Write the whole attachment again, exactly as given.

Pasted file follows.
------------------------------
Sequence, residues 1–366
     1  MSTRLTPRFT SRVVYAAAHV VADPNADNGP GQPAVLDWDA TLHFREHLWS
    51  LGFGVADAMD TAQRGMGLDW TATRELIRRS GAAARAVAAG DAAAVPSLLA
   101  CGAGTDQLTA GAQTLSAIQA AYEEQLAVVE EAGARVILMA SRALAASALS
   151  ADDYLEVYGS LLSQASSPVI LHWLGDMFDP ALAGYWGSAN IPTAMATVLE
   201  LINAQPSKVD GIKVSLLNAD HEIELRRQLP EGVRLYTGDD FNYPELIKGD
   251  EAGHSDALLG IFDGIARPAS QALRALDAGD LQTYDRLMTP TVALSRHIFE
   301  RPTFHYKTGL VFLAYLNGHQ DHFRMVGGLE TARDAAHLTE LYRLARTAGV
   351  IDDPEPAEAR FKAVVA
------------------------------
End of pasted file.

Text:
Sequence, residues 1–366
     1  MSTRLTPRFT SRVVYAAAHV VADPNADNGP GQPAVLDWDA TLHFREHLWS
    51  LGFGVADAMD TAQRGMGLDW TATRELIRRS GAAARAVAAG DAAAVPSLLA
   101  CGAGTDQLTA GAQTLSAIQA AYEEQLAVVE EAGARVILMA SRALAASALS
   151  ADDYLEVYGS LLSQASSPVI LHWLGDMFDP ALAGYWGSAN IPTAMATVLE
   201  LINAQPSKVD GIKVSLLNAD HEIELRRQLP EGVRLYTGDD FNYPELIKGD
   251  EAGHSDALLG IFDGIARPAS QALRALDAGD LQTYDRLMTP TVALSRHIFE
   301  RPTFHYKTGL VFLAYLNGHQ DHFRMVGGLE TARDAAHLTE LYRLARTAGV
   351  IDDPEPAEAR FKAVVA